Rafal Majka gives home crowd something to cheer

Tour de France climbing sensation Rafal Majka carries his form in to his home race to win stage five and move up the overall standings

Rafal Majka wins stage five of the 2014 Tour of Poland
(Image credit: Graham Watson)

Rafal Majka’s (Tinkoff-Saxo) extraordinary summer continues, with victory in stage five of the Tour of Poland.

The Pole moves us to second overall in the general classification behind Petr Vakoc (Omega Pharma-Quick Step), who, despite being dropped a kilometre from the finish line atop the Strbske Pleso, holds on to the yellow jersey by just one second.

The win comes just a matter of weeks after Majka became a household name thanks to his performance at the Tour de France, where he won two stages and the polka-dot jersey.

Despite including three ascents of the category one Strbske Pleso, no rider managed to mount a successful attack, and a large group contested the sprint for the win.

It was a slow-motion sash to the line, and Majka won largely thanks to his perfect timing. Movistar’s Ben Intxausti opened up his sprint a few hundred meters from the line, and was pursued by Gianluca Brambilla (Omega Pharma-Quick Step). But this pair tired as the line approached, allowing Majka – who had cunningly lurked in the slipstream of Warren Barguil (Giant-Shimano) to pass them just before crossing the line.


Before this sprint, several riders had tried to break clear from the bunch on the final climb, including Kanstantsin Sivtsov (Sky), Ryder Hesjedal (Garmin-Sharp) and Robert Gesink (Belkin).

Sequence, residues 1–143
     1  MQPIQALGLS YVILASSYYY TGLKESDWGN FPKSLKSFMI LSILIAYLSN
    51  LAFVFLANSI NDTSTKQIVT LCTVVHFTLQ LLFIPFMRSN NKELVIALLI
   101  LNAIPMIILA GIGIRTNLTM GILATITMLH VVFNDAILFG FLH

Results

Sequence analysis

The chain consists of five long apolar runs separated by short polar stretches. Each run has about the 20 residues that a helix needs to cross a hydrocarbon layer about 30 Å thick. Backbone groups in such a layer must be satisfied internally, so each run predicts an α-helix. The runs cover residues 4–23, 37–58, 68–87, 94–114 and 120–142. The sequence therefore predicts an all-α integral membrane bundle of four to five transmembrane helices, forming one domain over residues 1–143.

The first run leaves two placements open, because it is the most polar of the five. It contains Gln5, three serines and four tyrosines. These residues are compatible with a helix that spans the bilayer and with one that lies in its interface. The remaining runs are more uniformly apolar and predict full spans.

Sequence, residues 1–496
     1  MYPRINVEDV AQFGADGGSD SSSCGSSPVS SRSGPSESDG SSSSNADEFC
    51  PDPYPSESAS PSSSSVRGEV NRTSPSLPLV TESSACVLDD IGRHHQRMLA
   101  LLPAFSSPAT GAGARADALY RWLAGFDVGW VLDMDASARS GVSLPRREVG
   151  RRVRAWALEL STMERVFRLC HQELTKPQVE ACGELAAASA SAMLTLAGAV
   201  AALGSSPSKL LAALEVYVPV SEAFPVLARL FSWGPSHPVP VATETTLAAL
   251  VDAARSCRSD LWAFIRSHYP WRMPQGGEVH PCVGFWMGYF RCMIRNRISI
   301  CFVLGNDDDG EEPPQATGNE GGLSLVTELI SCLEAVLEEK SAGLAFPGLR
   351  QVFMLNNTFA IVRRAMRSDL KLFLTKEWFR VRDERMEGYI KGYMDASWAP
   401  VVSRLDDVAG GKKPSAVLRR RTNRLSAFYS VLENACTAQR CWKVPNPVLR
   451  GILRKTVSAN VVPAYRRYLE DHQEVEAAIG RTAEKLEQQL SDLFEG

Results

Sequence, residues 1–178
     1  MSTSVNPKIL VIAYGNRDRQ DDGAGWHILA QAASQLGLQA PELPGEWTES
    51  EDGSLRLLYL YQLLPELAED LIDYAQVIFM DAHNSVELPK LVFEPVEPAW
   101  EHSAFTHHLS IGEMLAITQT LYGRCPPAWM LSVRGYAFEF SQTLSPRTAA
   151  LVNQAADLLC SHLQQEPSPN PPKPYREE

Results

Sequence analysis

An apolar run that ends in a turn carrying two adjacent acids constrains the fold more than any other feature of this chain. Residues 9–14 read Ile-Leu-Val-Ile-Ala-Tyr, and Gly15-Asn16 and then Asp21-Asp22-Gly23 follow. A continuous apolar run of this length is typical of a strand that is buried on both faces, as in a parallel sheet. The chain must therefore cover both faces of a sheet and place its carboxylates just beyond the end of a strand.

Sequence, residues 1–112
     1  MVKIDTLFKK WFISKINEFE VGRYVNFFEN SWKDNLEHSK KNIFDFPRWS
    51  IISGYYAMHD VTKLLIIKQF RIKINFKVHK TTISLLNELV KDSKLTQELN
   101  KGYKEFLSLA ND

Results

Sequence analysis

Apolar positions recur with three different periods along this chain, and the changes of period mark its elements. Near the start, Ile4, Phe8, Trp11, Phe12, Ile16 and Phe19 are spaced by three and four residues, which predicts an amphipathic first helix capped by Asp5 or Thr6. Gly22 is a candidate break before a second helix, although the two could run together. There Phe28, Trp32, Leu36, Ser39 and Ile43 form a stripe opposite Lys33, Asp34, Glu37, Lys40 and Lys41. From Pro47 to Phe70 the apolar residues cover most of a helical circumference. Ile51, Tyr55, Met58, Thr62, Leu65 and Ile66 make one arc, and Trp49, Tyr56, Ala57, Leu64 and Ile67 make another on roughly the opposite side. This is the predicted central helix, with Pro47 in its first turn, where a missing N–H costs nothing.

Defending champion Pieter Weening (Orica-GreenEdge) put in the best looking move with just over a kilometre left to ride, and managed to both open up a gap and force riders to be dropped from the back of the peloton. But he was caught just as Intxausti made his move to the line.

Tinkoff-Saxo was responsible for the pace setting early on in the climb, going at a steady enough speed to discourage attacks yet not thin out the bunch. Despite fading from the front towards the top, they ultimately did enough to se Majka up for the win.

Matteo Bono (Lampre-Merida), Sebastian Lander (BMC), Yaroslav Popovych (Trek), Marco Haller (Katusha), Gediminas Bagdonas (Ag2r), Jimmy Engoulvent (Europcar), Pawel Bernas (Poland) and Maciej Paterski (CCC) formed the break of the day, and were joined by a group of counter-attackers with the race on the final circuit.

Of those counter-attackers, Christian Meir (Orica-GreenEdge) attacked the group alone, and was the only survivor of the break by the summit of the penultimate ascent of the Strbske Pleso. The Canadian hung on for a while long, but was finally reeled in just as the riders began the final ascent of the climb.

Tomorrow again features several climbs, and, as the last road stage of the race, is likely to prompt the climbers into attacking.


2014 Tour of Poland, stage five

1 Rafal Majka’s (Pol) Tinkoff-Saxo in 4-30-38

2 Benat Intxausti (Spa) Movistar

3 Ion Izagirre (Spa) Movistar

4 Gianluca Brambilla (Ita) Omega Pharma-Quick Step

5 Warren Barguil (Fra) Giant-Shimano all st

6 Samuel Sanchez (Spa) BMC at 0-01

7 Davide Formolo (Ita) Cannondale at st

8 Lars Petter Nordhaug (Nor) Belkin at 0-02

9 Andrey Amador (CRC) Movistar

10 Przemyslaw Niemiec (Pol) Lampre all st

Overall Classification after stage five

1 Petr Vakoc (Cze) Omega Pharma-Quick Step in 25-05-28

2 Rafal Majka’s (Pol) Tinkoff-Saxo at 0-01

3 Benat Intxausti (Spa) Movistar at 0-05

4 Ion Izagirre (Spa) Movistar at 0-07

5 Davide Formolo (Ita) Cannondale at 0-11

6 Giampaolo Caruso (Ita) Katusha

7 Marek Rutkiewicz (Pol) CCC

8 Peter Velits (Svk) BMC

9 Andrey Amador (CRC) Movistar

10 Robert Gesink (Ned) Belkin all st




Tour of Poland - Stage 5

Petr Vakoc after stage five of the 2014 Tour of Poland

(Image credit: Graham Watson)



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Stephen Puddicombe is a freelance journalist for Cycling Weekly, who regularly contributes to our World Tour racing coverage with race reports, news stories, interviews and features. Outside of cycling, he also enjoys writing about film and TV - but you won't find much of that content embedded into his CW articles.